April 4th and 5th marked our second annual Grassroots event. Because of Covid, this year’s event was held via Zoom, rather than at the State Capital. The Association of Regional Centers of California (ARCA) led our campaign. The evening of April 4th was a training on how to best present yourself on Zoom. Tammy Torum joined that training with me; she really appreciated the encouragement and training we received. “People like stories,” Tammy said. A lot of the training focused on helping us think about which stories and examples we could share as we introduced the laws and budget recommendations to the legislators that we would be meeting the next day.
Grassroots is a time when ARCA helps co-author or sponsor laws that will be most beneficial for the people we serve in the Regional Center system, as well as for our direct care staff. A big part of Grassroots is the individual stories we share with legislators and their support staff. Each one of us spoke on those areas we had a lot of knowledge and/or a personal connection.
This year, we spoke about several different items including:
- AB2378 a tax break for employers who hire workers with developmental disabilities
- SB 882 specialized police training for when they interact with the disabled population
- SCR 91 designating May as Disabilities Inclusion Month for the month
- A proposed removal of family fees for children under 18 years of age- eliminating the annual tax families pay for receiving Regional Center Services.
- We also requested 21.6 million in additional funding for Service Coordinators to boost base salary and reduce caseloads by hiring more Service Coordinators
Tammy spoke on behalf of Service Coordinators as well as SB882. With two sons in law enforcement, SB882 was true and dear to her heart. “Police officers appreciate being trained,” Tammy said. Tammy also was sure to point out, “police are the first responders to an emergency situation which is another good reason to provide them training and it’s important to teach law enforcement how to interview victims.” In the disabled community, there are many incidents of abuse and more training would help officers obtain information that is more accurate.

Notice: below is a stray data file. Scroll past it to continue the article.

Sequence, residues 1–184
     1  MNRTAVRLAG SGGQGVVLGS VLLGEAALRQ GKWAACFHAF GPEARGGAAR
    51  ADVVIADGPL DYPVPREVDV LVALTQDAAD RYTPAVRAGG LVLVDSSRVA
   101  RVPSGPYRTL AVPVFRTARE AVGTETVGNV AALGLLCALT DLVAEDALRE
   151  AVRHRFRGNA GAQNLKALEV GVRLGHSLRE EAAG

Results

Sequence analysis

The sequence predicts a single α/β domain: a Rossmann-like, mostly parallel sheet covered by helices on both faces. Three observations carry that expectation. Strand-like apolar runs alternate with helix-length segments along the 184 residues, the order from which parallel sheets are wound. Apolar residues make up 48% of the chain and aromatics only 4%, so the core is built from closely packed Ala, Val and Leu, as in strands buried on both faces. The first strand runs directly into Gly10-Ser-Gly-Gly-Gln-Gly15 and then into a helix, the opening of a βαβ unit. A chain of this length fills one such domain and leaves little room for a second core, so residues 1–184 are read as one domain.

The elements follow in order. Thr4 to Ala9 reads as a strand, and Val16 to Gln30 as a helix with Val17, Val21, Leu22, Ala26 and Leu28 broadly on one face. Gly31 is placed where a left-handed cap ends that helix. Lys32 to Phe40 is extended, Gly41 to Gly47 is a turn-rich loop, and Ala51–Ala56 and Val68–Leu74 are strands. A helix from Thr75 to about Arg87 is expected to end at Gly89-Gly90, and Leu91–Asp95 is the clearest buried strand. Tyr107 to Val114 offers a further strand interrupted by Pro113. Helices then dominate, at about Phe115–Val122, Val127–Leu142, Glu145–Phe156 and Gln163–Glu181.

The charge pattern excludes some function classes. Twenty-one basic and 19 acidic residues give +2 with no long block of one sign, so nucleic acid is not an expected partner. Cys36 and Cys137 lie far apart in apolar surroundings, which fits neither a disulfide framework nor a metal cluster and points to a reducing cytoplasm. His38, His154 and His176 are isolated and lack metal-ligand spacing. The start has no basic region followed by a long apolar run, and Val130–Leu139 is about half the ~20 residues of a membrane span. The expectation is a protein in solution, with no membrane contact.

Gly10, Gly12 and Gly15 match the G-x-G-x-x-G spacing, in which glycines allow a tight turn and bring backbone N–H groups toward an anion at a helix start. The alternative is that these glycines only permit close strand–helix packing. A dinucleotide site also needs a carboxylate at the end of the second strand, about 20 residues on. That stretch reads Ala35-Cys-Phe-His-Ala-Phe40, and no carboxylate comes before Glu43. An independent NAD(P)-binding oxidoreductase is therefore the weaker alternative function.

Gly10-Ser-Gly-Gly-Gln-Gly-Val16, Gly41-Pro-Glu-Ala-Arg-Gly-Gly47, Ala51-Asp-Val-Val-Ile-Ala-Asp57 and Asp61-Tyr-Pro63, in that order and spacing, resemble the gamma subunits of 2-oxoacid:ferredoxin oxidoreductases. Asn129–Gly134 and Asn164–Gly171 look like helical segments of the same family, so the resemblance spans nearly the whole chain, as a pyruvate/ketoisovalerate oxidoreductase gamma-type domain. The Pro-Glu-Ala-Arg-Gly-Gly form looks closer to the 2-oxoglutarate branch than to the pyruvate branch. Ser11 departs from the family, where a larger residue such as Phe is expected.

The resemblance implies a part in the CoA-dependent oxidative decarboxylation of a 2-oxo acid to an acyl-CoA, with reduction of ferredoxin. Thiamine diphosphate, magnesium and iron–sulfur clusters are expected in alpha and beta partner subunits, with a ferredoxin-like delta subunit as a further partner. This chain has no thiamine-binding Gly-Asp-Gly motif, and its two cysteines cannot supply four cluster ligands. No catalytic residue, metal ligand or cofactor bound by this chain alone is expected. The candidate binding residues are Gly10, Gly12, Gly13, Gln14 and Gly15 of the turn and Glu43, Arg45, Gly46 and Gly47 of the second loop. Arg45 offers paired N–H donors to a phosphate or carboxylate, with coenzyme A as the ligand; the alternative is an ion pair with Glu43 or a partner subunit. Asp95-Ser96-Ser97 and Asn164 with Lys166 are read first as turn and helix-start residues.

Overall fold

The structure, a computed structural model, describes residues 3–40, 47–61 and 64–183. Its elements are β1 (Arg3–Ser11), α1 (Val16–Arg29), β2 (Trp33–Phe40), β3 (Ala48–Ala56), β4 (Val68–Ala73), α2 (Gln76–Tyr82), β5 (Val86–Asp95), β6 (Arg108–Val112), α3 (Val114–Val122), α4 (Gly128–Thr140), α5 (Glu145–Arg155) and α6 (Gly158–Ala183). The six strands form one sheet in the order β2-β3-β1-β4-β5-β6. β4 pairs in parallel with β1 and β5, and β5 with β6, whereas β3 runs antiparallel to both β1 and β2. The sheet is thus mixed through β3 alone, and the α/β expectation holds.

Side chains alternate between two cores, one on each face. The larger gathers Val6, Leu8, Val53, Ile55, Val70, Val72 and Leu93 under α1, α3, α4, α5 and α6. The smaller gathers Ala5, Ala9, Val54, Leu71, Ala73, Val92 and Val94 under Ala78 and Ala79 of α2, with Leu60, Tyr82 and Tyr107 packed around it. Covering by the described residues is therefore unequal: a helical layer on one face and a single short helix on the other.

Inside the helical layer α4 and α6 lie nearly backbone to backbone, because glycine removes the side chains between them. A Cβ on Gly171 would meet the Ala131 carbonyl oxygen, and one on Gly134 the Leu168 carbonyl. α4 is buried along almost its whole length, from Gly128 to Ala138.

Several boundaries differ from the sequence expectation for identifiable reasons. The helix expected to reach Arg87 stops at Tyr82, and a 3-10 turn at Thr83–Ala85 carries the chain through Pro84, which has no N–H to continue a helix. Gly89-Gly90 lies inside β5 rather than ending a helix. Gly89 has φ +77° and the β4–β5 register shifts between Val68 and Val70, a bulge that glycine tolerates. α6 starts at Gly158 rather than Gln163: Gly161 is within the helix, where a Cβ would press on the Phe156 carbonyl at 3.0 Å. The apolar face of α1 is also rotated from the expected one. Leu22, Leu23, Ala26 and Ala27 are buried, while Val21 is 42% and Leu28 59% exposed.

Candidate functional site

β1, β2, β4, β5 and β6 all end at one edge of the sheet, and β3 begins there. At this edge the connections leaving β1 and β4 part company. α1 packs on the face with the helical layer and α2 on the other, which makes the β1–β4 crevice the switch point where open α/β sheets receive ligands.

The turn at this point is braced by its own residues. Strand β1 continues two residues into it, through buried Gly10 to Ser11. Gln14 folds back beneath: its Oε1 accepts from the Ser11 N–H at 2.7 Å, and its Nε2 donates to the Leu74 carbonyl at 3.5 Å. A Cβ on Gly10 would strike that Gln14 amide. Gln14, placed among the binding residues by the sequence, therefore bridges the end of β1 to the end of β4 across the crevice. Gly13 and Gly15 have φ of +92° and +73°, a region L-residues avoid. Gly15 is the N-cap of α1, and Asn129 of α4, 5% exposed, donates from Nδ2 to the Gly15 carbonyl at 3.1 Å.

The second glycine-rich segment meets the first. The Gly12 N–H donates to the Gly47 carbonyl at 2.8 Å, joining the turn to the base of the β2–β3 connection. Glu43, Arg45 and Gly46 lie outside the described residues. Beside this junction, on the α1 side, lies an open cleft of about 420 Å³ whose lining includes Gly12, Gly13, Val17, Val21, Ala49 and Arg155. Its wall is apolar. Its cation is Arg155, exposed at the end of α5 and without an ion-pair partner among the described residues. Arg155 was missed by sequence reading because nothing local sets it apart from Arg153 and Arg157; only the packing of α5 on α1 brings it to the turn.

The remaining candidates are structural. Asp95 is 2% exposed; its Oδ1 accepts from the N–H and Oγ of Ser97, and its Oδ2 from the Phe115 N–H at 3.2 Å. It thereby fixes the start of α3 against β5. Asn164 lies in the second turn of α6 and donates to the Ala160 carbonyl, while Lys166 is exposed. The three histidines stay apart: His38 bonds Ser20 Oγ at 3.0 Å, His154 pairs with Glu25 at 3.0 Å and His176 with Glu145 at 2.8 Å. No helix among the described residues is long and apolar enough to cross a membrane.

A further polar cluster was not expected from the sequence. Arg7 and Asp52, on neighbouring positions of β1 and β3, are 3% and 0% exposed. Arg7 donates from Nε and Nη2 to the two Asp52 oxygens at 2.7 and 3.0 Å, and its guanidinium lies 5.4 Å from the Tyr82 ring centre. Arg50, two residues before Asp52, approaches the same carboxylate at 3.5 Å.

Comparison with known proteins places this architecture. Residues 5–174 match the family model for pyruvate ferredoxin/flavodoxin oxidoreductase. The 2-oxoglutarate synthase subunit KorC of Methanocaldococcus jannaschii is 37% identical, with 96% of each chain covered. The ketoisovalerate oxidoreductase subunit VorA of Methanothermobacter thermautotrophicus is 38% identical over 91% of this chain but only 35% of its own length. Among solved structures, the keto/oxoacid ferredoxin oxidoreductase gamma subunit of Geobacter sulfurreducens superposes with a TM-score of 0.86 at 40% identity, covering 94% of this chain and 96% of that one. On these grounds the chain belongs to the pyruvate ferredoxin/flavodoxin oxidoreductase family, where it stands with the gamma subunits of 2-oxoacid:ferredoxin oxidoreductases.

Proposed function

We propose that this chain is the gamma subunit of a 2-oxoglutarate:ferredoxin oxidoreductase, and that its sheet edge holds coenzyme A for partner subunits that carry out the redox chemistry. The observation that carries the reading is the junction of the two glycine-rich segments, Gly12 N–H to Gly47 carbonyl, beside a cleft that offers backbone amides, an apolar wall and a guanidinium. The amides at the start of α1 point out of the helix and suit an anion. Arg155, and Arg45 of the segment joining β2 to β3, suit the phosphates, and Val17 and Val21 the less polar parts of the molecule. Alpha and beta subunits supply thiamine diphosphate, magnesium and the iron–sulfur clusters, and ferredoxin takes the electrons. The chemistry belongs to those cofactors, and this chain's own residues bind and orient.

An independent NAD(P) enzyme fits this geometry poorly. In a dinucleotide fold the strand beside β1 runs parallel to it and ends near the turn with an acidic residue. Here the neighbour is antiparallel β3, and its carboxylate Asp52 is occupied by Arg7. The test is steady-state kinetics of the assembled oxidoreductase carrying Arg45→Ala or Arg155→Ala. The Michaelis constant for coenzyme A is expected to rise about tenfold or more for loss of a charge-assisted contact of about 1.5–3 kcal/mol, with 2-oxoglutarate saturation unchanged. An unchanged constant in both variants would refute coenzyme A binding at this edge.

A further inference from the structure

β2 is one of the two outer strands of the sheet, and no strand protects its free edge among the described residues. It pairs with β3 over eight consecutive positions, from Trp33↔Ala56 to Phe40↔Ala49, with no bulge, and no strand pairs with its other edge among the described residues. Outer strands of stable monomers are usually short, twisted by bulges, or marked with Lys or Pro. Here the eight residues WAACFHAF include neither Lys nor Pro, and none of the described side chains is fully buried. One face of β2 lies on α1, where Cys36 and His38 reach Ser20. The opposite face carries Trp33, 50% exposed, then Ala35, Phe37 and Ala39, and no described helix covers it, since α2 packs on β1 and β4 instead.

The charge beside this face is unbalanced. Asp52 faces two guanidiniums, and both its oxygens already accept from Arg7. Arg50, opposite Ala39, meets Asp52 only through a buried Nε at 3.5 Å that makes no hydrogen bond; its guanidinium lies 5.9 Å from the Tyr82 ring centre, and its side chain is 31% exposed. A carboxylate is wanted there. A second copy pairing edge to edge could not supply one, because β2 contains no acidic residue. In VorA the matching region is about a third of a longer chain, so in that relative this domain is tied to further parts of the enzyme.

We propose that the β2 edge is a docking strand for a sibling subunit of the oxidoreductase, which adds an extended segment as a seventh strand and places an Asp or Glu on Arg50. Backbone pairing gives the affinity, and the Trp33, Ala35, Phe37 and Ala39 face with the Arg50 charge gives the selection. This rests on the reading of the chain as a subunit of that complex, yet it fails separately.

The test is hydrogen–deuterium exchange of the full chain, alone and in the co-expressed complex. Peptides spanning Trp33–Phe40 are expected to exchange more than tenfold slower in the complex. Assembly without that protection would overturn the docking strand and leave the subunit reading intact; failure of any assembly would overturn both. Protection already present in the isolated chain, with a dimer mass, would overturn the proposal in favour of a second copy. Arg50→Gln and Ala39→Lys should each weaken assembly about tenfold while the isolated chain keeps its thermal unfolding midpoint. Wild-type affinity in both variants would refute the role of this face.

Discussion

Change starts from the bottom up; it is similar to a sunrise, getting gradually lighter until the sun bursts into the sky. Each of us have our own unique experiences that when combined puts a personal face on these bills and proposals and can really help gather support for moving them forward. Nicole Curran, who was representing Assemblyperson Jim Ward, gave us some encouragement. She told us that even though the movement we are all part of has started out slow it is beginning to pick up momentum. That momentum built to a climax that day at the very end, as we had a direct audience with Assemblyperson Megan Dahle! Others who we met with included Assemblyperson Jim Gallagher, Representative Benamati, Assemblyperson Nielsen and Representative Sadie Foster. I felt a genuine interest and connection with each person we met. They were all very helpful and down to earth.
It was wonderful to represent my peers as an FNRC peer advocate and to stand together with other noteworthy individuals from other Regional Centers across the state. It is sort of like a small delicate snowflake in the beginning that eventually joins with thousands of others and creates a snowball of incredible momentum and force. Remember that every voice matters, together we can all make a difference. A voice that goes beyond our community and can affect change for our State, our Nation and our World.